Ringgit Halts Four-Day Loss as Oil-Price Rise Eases Finance Woes

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Malaysia’s ringgit halted a four-day decline after crude prices posted the biggest gain in three weeks overnight, easing concern that the oil-exporting nation’s finances will deteriorate.

Brent has rebounded 22 percent since the end of March, helping the ringgit strengthen 3 percent. A government report Friday may show Malaysia’s first-quarter current-account surplus held at the lowest since 2013 as oil retreated 51 percent in the nine months through March. A gauge of the dollar fell for a second day before retail sales data that may help determine the timing of U.S. rate increases.

“The higher crude oil price is positive for the ringgit,” said Sim Moh Siong, a foreign-exchange strategist at Bank of Singapore Ltd. “The broad dollar was also on the back foot overnight ahead of the U.S. retail sales data.”

The ringgit advanced 0.5 percent to 3.5968 a dollar in Kuala Lumpur, data compiled by Bloomberg show. That’s the steepest gain in a week.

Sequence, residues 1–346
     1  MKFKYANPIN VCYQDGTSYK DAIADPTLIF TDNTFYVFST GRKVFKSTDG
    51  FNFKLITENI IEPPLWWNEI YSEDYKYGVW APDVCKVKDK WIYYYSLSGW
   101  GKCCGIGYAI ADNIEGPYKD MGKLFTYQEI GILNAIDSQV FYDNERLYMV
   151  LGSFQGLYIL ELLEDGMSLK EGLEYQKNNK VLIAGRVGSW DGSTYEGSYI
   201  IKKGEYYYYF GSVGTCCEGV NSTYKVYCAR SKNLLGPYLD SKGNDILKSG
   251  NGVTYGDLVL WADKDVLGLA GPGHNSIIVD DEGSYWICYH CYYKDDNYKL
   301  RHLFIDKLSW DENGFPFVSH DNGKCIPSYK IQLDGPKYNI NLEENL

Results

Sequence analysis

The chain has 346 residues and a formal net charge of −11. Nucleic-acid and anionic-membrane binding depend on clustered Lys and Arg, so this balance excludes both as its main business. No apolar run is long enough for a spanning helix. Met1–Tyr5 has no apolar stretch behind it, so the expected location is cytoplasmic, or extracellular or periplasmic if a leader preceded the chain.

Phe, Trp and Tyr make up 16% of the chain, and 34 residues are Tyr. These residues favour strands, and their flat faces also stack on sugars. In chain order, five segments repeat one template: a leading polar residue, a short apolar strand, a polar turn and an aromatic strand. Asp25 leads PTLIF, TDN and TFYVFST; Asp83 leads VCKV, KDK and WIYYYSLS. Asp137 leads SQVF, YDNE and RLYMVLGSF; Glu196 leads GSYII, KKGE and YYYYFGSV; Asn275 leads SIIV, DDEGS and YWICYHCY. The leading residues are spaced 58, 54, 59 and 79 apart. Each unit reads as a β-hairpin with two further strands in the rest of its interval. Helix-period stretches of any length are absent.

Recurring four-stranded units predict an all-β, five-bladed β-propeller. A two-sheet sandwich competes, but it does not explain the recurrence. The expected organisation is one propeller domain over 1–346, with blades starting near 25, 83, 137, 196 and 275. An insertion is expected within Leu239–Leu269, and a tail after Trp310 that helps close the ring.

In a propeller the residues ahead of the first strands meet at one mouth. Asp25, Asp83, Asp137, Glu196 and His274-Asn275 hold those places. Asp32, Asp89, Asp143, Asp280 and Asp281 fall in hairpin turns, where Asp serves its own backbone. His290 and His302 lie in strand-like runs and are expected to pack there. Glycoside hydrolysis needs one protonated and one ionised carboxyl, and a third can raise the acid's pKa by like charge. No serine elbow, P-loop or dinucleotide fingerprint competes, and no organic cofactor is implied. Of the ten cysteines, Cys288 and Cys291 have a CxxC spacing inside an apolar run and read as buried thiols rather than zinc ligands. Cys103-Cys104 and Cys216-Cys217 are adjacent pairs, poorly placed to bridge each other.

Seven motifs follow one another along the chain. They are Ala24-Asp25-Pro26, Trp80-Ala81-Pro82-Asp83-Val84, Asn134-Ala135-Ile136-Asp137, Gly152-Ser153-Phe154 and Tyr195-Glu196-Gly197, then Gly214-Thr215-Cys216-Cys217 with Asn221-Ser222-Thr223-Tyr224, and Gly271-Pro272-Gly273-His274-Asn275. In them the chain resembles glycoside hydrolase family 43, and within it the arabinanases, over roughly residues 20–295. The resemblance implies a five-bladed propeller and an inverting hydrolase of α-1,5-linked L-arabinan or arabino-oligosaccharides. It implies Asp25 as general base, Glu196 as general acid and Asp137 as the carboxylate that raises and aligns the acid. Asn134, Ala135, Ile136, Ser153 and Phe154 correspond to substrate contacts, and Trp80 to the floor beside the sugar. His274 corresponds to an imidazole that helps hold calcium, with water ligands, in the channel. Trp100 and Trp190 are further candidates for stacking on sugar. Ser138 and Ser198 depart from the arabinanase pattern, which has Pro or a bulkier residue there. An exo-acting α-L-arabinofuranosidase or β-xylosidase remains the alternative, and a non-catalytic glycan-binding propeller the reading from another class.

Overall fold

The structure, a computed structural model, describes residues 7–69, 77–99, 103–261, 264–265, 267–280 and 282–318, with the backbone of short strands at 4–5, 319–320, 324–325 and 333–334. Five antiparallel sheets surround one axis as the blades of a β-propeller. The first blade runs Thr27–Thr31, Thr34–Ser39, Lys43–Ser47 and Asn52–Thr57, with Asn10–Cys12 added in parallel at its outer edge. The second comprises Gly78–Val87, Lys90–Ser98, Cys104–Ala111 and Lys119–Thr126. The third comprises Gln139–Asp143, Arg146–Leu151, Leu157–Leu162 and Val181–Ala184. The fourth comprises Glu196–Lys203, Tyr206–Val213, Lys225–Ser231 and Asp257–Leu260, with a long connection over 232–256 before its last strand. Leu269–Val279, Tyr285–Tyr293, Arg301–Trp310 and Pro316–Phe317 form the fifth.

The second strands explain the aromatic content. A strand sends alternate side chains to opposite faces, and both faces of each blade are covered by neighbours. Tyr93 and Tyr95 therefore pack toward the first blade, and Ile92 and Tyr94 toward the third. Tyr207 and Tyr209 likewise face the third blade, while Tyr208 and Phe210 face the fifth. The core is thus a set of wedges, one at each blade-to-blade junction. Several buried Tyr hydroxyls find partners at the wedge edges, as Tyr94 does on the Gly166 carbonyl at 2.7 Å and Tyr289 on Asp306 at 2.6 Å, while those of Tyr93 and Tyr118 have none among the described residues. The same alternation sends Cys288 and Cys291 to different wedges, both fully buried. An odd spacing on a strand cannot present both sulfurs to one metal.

The surplus in Malaysia’s broadest measure of trade was probably 6.1 billion ringgit ($1.7 billion) in the three months through March, according to a Bloomberg survey. That would match the previous quarter’s figure. Economic growth for the same period slowed to 5.4 percent from 5.8 percent, separate data may show.

Malaysia’s government bonds were little changed after figures Tuesday showed overseas investors boosted holdings of the debt to a record. Global funds bought a net 11 billion ringgit of the securities in April from a month earlier, the biggest inflow since at least 2006 and bringing the holdings to 168 billion ringgit, according to central bank data.

The five-year yield was at 3.6 percent, after rising one basis point on Tuesday.

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